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    What is the NIST Framework?

    The NIST Cybersecurity Framework, or the “NIST framework” is a standard of cybersecurity guidelines created by the National Institute of Standards and Technology (NIST), which is a non-regulatory agency of the U.S. Department of Commerce. NIST is about driving innovation and technological advances, and adherence to the NIST framework is strictly voluntary.  

    This standard was designed to help companies measure, defend, reduce, and recover from cybersecurity risks.

    What are the Five Pillars of NIST Compliance?

    The five core functions are:

    1. Identify your IT assets. You need a comprehensive inventory of all of the hardware, software, data points, and personnel who interact with sensitive information. Put an incident response plan in place. 
    2. Protect data. This can be via automated processes like antivirus or endpoint protection, patch management, and data encryption. It may also include business processes for file storage, backups, and user logins and access management depending upon the user profile.
    3. Detect. Use automated solutions to watch for unusual activities by users or data access from unauthorized users.
    4. Respond. Again, an incident response plan is a key element to NIST compliance. Outline how your business will respond to customers, employees, and law enforcement while keeping the business running in the event of a data breach or natural disaster.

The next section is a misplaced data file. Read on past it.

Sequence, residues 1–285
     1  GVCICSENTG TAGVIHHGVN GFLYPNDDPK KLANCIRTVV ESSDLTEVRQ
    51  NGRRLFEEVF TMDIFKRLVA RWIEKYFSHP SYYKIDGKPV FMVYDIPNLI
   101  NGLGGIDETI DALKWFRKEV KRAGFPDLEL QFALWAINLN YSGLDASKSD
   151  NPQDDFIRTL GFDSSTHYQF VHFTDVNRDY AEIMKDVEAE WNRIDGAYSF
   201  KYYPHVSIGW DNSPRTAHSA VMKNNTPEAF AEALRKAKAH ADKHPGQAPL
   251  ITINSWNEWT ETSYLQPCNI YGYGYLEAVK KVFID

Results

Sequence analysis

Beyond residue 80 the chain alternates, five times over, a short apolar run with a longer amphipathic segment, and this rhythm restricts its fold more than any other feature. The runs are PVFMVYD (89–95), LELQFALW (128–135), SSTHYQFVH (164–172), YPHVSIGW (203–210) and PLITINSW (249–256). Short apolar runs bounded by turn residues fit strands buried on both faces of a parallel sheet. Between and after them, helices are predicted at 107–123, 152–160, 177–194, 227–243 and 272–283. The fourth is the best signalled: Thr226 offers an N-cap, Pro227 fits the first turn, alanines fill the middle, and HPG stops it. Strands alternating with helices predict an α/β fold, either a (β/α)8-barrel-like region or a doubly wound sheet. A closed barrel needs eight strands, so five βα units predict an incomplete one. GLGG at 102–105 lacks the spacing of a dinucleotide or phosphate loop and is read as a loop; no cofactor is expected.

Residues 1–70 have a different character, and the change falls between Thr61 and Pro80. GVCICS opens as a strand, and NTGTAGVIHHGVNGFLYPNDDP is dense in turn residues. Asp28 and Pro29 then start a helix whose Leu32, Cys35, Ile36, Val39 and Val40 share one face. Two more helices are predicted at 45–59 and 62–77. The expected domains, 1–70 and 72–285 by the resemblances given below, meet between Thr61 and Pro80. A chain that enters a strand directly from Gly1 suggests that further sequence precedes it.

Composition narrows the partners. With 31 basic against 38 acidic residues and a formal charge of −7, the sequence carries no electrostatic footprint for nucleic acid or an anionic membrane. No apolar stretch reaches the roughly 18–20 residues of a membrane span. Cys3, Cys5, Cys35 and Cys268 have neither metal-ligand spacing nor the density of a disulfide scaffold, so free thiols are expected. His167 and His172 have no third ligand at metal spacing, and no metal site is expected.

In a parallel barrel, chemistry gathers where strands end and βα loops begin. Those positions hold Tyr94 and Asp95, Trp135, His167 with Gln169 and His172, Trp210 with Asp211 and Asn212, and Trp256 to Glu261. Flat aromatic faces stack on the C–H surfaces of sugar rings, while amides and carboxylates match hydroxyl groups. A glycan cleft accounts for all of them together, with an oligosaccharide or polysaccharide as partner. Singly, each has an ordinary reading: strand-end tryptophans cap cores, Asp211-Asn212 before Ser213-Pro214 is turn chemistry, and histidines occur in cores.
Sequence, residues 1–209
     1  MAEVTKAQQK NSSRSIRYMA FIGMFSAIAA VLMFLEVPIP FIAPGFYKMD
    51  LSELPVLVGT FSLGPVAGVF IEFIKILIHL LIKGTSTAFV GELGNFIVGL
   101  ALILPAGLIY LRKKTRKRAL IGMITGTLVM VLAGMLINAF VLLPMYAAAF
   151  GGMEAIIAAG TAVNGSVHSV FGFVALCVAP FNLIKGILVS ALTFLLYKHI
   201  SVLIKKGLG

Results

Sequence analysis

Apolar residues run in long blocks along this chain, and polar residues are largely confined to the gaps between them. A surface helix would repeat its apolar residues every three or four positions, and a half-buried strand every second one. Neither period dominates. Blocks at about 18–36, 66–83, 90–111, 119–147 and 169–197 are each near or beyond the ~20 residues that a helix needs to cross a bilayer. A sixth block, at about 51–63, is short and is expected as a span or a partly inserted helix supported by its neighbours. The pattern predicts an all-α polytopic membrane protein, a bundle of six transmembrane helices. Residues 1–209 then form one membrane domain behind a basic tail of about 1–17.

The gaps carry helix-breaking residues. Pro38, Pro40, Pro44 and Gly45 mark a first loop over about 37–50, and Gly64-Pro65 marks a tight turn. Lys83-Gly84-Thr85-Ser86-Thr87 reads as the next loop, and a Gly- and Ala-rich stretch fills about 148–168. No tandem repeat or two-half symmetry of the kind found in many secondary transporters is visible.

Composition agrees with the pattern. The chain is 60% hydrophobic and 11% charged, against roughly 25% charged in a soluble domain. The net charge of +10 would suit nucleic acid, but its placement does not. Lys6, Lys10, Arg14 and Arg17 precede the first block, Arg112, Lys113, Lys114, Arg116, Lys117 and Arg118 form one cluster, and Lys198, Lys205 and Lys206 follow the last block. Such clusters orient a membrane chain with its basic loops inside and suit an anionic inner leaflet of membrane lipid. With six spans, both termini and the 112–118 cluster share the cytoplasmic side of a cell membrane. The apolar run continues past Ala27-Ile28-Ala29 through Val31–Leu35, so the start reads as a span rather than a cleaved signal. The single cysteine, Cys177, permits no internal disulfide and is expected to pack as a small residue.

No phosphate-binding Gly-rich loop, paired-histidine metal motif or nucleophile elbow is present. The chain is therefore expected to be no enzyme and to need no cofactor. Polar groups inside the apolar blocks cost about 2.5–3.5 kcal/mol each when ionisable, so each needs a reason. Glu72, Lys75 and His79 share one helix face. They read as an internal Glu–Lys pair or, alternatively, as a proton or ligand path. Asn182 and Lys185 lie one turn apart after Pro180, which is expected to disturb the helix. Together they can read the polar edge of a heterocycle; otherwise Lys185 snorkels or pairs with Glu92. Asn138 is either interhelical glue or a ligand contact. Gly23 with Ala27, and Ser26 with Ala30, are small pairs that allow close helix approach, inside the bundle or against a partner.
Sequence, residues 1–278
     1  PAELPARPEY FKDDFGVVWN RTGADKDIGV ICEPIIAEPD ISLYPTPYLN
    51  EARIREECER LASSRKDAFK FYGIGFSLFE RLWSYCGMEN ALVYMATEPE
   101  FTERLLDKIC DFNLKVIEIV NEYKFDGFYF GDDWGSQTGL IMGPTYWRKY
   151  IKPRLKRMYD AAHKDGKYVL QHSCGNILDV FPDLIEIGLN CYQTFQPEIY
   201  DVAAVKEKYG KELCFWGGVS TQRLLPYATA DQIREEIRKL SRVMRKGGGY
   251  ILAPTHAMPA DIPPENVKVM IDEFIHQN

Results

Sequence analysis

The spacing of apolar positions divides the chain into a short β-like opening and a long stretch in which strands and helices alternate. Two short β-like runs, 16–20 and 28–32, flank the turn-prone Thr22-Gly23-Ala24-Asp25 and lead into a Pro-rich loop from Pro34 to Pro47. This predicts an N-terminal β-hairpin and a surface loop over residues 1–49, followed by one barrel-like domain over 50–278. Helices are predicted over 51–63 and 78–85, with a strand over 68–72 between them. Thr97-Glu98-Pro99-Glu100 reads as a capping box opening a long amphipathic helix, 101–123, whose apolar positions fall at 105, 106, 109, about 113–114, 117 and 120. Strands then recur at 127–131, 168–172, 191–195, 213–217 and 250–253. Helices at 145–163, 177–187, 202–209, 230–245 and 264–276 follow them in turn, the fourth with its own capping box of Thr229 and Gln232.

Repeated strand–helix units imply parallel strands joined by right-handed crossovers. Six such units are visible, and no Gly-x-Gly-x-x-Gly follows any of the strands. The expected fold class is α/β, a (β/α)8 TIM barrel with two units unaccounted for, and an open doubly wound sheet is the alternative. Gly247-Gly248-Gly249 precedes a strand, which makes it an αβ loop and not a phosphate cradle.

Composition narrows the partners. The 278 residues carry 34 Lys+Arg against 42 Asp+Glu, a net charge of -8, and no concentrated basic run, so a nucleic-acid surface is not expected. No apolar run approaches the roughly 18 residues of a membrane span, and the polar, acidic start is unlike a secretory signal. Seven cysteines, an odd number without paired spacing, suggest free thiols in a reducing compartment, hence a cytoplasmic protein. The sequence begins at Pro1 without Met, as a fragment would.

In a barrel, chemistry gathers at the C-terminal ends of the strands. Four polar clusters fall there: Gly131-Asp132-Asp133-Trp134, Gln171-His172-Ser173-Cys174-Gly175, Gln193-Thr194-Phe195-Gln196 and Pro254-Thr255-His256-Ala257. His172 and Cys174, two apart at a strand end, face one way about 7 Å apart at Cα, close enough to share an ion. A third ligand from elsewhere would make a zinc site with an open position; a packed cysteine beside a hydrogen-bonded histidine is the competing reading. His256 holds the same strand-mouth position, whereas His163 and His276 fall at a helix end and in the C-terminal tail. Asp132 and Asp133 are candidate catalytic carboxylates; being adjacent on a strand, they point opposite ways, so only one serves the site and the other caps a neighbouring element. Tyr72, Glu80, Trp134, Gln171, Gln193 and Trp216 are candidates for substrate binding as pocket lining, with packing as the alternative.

5. Recover Systems and Trust. After a data breach has been managed, and the systems are secured again, communication must continue with customers and employees about the steps that were taken to prevent another incident.

    What are the NIST Cybersecurity Framework Maturity Levels?

    Based upon peer groups in the same industry, company cybersecurity policies and teams may be rated by “maturity level”. 

    The levels of maturity are as follows:

    • Partial — This may be some protection, like a firewall or antivirus policy, or a start of an IT asset inventory, such as a CMDB. 
    • Informed — To be “informed”, a company must have a comprehensive and up-to-date IT asset inventory with real-time visibility. 
    • Repeatable — A repeatable program automates a number of elements of data protection, and provides visibility into workflows.
    • Adaptive —-The best-in-class cybersecurity plan is automated, able to detect and prioritize risks, and fully integrated across the workforce.

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